Freddie Mac: Mortgage Rates Dipped Slightly This Week

Posted by Patrick Barnard on August 29, 2013 No Comments
Categories : Residential Mortgage

Mortgage rates dropped for the first time in five weeks this week, according to Freddie Mac's Primary Mortgage Market Survey.

For the week ending Aug. 29, the average rate for a 30-year fixed-rate mortgage was 4.51%, a dip of about 0.7 percentage points, compared to the previous week, when it averaged 4.58%. A year ago at this time, the average rate for a 30-year fixed-rate mortgage was about 3.59%.

The average rate for a 15-year fixed-rate mortgage was 3.54%, down about 0.7 percentage points, compared to the week prior, when it averaged 3.6%. A year ago at this time, the 15-year fixed-rate mortgage averaged 2.86%.

The average rate for a 5-year Treasury-indexed hybrid adjustable-rate mortgage (ARM) was 3.24%, an increase of 0.5 percentage points, up from last week's 3.21%. A year ago, the 5-year ARM averaged 2.78%.

The average rate for a 1-year Treasury-indexed ARM averaged 2.64%, an increase of 0.4 percentage points, up from last week's 2.67%. At this time last year, the 1-year ARM averaged 2.63%.

The average rate for a 15-year fixed home loan is currently 3.34%, while the average rate for a 5-1 adjustable-rate mortgage is 3.12%.

The report's findings are in line with another report released earlier this week from Zillow, showing that the average rate on a 30-year fixed mortgage fell to 4.37%, a drop of 15 basis points from the week prior, when the average was 4.52%.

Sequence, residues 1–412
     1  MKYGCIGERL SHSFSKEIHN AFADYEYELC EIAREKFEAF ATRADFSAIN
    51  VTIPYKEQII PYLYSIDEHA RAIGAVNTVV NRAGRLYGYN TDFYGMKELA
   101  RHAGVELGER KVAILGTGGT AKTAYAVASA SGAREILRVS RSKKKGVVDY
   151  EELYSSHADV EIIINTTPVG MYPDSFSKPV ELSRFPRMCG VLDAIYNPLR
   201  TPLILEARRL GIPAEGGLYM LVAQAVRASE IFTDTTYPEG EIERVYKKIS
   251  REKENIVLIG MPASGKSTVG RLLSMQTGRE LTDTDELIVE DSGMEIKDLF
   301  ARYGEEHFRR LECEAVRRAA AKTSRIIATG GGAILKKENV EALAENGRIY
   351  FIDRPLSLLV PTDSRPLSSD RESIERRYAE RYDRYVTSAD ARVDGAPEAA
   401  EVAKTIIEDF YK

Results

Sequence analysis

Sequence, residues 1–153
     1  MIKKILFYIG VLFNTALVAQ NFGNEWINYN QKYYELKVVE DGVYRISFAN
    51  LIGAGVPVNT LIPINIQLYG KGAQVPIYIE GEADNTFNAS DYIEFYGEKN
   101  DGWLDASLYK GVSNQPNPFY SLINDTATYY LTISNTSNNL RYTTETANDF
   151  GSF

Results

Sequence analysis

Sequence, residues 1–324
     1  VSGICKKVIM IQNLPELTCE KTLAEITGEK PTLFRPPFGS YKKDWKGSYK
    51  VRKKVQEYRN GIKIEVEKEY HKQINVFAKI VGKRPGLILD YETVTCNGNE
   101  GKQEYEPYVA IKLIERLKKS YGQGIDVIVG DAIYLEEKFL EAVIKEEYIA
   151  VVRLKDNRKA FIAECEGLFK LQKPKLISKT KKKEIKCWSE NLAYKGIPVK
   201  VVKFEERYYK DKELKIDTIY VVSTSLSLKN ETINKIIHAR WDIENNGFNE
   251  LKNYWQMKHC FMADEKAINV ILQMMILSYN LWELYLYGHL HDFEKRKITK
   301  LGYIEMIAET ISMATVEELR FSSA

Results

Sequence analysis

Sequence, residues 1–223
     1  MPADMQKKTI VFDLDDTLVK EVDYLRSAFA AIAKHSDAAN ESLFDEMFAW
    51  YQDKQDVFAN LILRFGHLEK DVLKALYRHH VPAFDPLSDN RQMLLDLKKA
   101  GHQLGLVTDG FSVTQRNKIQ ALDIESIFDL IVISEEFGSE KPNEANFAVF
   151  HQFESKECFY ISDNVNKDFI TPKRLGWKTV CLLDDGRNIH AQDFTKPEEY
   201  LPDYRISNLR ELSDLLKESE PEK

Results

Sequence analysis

Mortgage interest rates began to rise in late June, after the Federal Reserve announced that it would likely begin tapering its $85 billion-a-month bond-buying program in the fourth quarter. In July, however, Federal Reserve Chairman Ben Bernanke issued more conservative statements, saying the Fed would base its decision on a range of economic data, including unemployment.

‘The Fed is monitoring the housing market closely after the run-up in mortgage rates over the past few months,’ says Frank Nothaft, vice president and chief economist of Freddie Mac, in a statement. ‘The 13.4 percent drop in new home sales in July led financial markets to speculate whether the Fed might delay reducing its bond purchases and allowed long-term bond yields and fixed mortgage rates to decline over the week.’

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